By Frederic Friedel

What will computers look like fifty years from now? Don’t even try to predict that. Famous corporations and thinkers failed miserably when they tried to do it in the past. Take a look at how people sixty years ago saw future PCs.

In 1954, we were told, scientists from RAND Corporation created this model to illustrate what a “home computer” could look in the year 2004. They admitted, however, that this computer would require not yet invented technology to actually work. “But 50 years from now scientific progress is expected to solve these problems. With a teletype interface and the Fortran language the computer will be easy to use.”

Of course in 2004, when I published the above story, home computers looked nothing like the above. They came as mini-tower PCs under your desk, or wide-screen notebooks you could carry around with you. So it was a cute note about bad predictions — but unfortunately not true.

The picture was a fake — actually a “fark”, since it was part of a Fark Photoshop competition. The image was generated from this color picture of a Smithsonian Institution full-scale display of a nuclear-powered submarine’s maneuvering room at the time. A full unraveling of the background can be found at Snopes, a site one should visit before one publishes anything at all.

However, it is true that that predictions from six decades ago failed to foresee that computers would become much smaller and cheaper; that these changes would enable every business and home to have its own computer to be used for a variety of applications, and that those machines would be linked together in a world-wide network. Instead, futurist scenarios frequently presented a world of very few, very expensive all-powerful computers the size of large buildings, used only for divining answers to complex problems beyond the ability of man to solve on his own. Here for your critical examination are a few more predictions that did not exactly hit the nail on the head.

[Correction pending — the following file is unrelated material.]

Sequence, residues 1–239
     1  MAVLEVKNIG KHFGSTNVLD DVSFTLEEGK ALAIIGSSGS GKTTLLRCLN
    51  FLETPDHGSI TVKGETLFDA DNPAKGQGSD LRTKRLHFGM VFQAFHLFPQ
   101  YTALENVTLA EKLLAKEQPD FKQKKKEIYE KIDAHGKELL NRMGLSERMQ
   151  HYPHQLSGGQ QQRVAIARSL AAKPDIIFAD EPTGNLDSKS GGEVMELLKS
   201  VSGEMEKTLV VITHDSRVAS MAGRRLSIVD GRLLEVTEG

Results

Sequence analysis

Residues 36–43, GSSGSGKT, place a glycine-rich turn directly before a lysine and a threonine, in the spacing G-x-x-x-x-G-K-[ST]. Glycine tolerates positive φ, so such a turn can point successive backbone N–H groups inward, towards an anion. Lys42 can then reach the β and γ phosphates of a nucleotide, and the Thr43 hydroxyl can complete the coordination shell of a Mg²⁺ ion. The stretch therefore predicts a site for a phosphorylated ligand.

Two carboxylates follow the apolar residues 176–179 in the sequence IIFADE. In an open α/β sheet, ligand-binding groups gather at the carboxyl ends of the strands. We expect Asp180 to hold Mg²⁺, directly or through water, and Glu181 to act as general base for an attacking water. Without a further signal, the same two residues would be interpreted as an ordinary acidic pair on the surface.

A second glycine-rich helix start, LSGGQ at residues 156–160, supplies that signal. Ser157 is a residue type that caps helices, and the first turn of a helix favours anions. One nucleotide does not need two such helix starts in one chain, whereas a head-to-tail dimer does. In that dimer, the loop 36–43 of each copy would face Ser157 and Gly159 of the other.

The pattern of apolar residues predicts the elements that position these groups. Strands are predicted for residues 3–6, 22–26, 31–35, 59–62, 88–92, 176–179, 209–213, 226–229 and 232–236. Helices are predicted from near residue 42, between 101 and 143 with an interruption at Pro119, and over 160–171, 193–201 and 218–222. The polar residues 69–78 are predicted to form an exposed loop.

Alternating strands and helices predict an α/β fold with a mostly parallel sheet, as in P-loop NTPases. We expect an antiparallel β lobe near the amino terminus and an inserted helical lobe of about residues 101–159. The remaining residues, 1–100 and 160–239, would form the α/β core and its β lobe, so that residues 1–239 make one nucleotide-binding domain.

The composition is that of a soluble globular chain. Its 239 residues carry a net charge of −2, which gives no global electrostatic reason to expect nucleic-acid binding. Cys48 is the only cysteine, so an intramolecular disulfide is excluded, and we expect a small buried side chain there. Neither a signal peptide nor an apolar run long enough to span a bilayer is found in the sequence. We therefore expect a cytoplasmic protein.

• “I think there is a world market for about five computers.” — Thomas Watson, chairman of IBM, 1943.
  • “I have traveled the length and breadth of this country and talked with the best people, and I can assure you that data processing is a fad that won’t last out the year.” — The editor in charge of business books for Prentice Hall, responding to Karl V. Karlstrom (a junior editor who recommended a manuscript about data processing), circa 1957.
  • “Where a calculator on the ENIAC is equipped with 18,000 vacuum tubes and weighs 30 tons, computers in the future may have only 1,000 vacuum tubes and weigh only 1.5 tons.” — Popular Mechanics, 1949
  • “But what…is it good for?” — Engineer at the Advanced Computing Systems Division of IBM, 1968, commenting on the microchip.
  • “There is no reason anyone would want a computer in their home.” — Ken Olson, president, chairman and founder of Digital Equipment Corp., 1977.
  • And from the book Bad Predictions by Laura Lee, which records failed forecasts: “Man will never fly… Electricity is a passing fad… By the year 2000 there will be no C, X or Q in our every-day alphabet — they will be abandoned because unnecessary… In the year 2005 we will see the extension of the pneumatic tube system in every house, thus ensuring the immediate delivery of mail as soon as it arrives in the city… Mail will be delivered within hours from New York to Australia by guided missiles.”
  • And some more bad predictions.
Charles Darwin, writing in the foreword to On the Origin of Species, 1859.

Written by

Frederic Alois Friedel, born in 1945, science journalist, co-founder of ChessBase, studied Philosophy and Linguistics at the University of Hamburg and Oxford.

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